Want to be a better leader? Try doing nothing.

"Boat!" Finally. The call to action we'd been waiting for. We dropped what we were doing and raced to our waiting cameras.

As photographers and videographers in the rafting industry in 1984, we spent long days in the wilderness on the river. The first trip often left at 8 am – the last at 4 pm. But without walkie-talkies or cell phones, we never knew when the rafts would get to us mid-river until someone saw them coming.

Our job was to perch on the rocks at the best rapids and record the spills and thrills for the guests as they tumbled through some of the world's best whitewater. Depending on the location, the half dozen rafts in each trip would pass us by in five minutes, then disappear around a corner. And we'd be left with nothing to do for another hour or two until the next trip arrived.

Nothing to do. Such an incredible and (these days) rare gift. How did we pass the time? Without knowing it, we invested in building our leadership skills.

We'd practice being bad at new things – for me, knitting. I set out to make myself an Icelandic sweater. And it came along wonderfully until one day the 98% DEET bug juice on my bare legs dissolved the wool and ate a huge hole in the half-finished sweater.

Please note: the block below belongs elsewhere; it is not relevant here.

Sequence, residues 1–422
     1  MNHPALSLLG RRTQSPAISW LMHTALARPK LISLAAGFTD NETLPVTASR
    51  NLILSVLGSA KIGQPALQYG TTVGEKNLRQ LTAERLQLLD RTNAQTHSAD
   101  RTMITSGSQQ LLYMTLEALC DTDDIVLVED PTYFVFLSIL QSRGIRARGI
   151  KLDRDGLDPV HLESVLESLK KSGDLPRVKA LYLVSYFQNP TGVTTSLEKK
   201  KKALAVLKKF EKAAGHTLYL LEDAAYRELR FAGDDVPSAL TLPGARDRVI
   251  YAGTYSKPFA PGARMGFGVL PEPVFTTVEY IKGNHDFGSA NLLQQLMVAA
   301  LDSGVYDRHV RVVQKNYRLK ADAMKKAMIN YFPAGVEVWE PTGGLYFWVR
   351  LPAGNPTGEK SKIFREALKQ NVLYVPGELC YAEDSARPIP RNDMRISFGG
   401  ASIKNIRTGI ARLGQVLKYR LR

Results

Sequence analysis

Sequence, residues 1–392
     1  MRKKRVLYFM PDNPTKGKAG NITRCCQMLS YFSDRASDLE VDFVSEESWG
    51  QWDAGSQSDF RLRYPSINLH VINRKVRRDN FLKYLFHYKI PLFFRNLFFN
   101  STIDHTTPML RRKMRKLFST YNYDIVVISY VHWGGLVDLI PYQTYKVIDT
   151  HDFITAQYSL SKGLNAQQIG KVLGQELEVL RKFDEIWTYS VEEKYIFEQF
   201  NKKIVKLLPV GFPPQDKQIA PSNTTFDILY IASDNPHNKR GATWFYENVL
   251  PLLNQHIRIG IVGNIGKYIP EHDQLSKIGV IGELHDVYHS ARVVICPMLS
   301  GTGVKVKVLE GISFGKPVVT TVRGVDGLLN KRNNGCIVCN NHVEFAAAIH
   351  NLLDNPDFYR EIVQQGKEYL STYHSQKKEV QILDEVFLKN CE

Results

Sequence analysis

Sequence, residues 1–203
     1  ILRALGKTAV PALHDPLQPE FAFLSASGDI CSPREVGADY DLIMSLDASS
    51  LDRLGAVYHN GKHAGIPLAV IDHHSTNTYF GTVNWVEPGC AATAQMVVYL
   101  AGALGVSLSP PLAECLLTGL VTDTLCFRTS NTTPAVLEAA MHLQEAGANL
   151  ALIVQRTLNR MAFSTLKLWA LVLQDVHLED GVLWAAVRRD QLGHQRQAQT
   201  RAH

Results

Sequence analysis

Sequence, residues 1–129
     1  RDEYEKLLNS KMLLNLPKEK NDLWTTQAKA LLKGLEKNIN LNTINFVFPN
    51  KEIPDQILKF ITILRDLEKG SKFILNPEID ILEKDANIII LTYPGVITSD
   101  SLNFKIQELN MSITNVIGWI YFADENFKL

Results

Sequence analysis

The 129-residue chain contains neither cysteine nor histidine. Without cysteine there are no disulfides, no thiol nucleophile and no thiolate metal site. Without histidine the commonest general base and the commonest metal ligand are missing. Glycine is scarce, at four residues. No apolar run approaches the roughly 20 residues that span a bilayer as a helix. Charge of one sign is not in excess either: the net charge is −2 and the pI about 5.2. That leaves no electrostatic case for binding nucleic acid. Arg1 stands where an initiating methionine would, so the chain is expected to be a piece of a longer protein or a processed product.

We'd make things just for fun – drawings, wildflower bouquets, photographs and music. I brought along the flute I got in grade 5 and played Simon and Garfunkel songs by the rushing water. (I'm sure the people in the rafts from the other companies that I didn't have to record thought they'd stumbled into some weird cult!)

We'd daydream. About what we wanted to do when summer ended, about how we could improve operations at the company, about how to manage our employees and bosses, about our deepest goals and desires.

We'd tell stories. About things that had happened on the river (building our shared culture). About where we were from and how we grew up (creating relationships). About how the wild spaces and species around us worked (deepening our connection to nature). About our vision for the future (sowing seeds of purpose-driven careers).

And of course, we'd nap, recharging our bodies after long days and nights of work and play, so we could be ready for what's to come. "Boat!"

Too often, today's big and small "L" leaders are so busy that they don't have time to reflect on how things are going, what to let go of, what to do more of or where to go next. They miss out on the time and mental space they need to be creative, develop new skills, build relationships and imagine the future.

As many of us head into the official start of summer today, we'll spend the next 8 weeks rushing around the world trying to cram in as much fun as possible.

While you're busy making memories with friends and family, I also invite you to make room in your schedule to do nothing. To give yourself room to make, dream, listen, watch and just be. Until September comes, and the world yells "Boat!" again.